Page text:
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States engage with one another in an environment known as the international system. All states are considered to be sovereign, and some states are more powerful than others. The system has a number of informal rules about how things should be done, but these rules are not binding. International relations have existed as long as states themselves. But the modern international system under which we live today is only a few centuries old. Significant events have marked the milestones in the development of the international system.
In 1648, the Peace of Westphalia, which ended the Thirty Years’ War between Catholic states and Protestant states in western and central Europe, established our modern international system. It declared that the sovereign leader of each nation-state could do as she or he wished within its borders and established the state as the main actor in global politics. From that point forward, the international system has consisted primarily of relations among nation-states.
In the seventeenth and eighteenth centuries, the nation-state emerged as the dominant political unit of the international system. A series of powerful states dominated Europe, with the great powers rising and falling. Weaker states often banded together to prevent the dominant power from becoming too strong, a practice known as preserving the balance of power. Frequent wars and economic competition marked this era. Some nations—notably France and England—were powerful through most of the modern age, but some—such as Spain and the Ottoman Empire—shrank in power over time.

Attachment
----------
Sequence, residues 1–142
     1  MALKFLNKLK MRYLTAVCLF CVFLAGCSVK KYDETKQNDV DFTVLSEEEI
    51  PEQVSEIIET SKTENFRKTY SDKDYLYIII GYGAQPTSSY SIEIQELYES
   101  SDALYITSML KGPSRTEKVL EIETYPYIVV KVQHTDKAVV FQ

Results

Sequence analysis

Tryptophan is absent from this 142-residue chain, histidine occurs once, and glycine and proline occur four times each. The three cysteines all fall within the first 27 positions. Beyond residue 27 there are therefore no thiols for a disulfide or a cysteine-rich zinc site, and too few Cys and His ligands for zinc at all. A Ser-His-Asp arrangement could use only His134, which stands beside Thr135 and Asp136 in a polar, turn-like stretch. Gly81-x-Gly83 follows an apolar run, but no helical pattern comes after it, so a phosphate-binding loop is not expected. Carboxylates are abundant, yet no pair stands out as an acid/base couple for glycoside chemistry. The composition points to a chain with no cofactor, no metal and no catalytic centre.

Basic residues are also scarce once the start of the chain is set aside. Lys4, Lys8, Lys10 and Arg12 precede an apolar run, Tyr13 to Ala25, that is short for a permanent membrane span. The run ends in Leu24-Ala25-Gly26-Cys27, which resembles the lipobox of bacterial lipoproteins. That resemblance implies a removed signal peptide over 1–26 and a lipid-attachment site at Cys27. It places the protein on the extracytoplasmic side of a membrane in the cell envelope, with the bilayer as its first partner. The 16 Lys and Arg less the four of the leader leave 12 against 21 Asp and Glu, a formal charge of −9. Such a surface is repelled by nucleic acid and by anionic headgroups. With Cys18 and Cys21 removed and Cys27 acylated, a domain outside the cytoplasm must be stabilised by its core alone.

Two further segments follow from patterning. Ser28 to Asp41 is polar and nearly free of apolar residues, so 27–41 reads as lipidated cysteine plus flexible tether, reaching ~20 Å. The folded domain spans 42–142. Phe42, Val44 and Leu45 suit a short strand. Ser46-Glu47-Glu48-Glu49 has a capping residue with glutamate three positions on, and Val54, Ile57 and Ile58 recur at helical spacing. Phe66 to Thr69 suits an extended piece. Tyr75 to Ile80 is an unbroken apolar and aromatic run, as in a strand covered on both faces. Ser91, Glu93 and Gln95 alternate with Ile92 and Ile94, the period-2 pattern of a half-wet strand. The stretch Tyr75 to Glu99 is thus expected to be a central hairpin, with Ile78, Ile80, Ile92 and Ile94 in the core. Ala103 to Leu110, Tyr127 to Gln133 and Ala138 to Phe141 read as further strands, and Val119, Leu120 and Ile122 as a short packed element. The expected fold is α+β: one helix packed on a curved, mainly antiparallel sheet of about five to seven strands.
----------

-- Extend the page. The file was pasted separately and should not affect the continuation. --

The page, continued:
The nineteenth century brought two major changes to the international system:
The problems raised by the unification of Germany contributed to World War I (1914–1918). In the aftermath of the war, the international system changed dramatically again. The major powers of Europe had suffered greatly, whereas the United States began to come out of its isolation and transform into a global power. At the same time, the end of the Ottoman and Austro-Hungarian empires created a series of new nations, and the rise of communism in Russia presented problems for other nations. These factors contributed to the Treaty of Versailles, the rise of Nazism and communism, and World War II (1939–1945).
The end of World War II marked a decisive shift in the global system. After the war, only two great world powers remained: the United States and the Soviet Union. Although some other important states existed, almost all states were understood within the context of their relations with the two superpowers. This global system was called bipolar because the system centered on two great powers.
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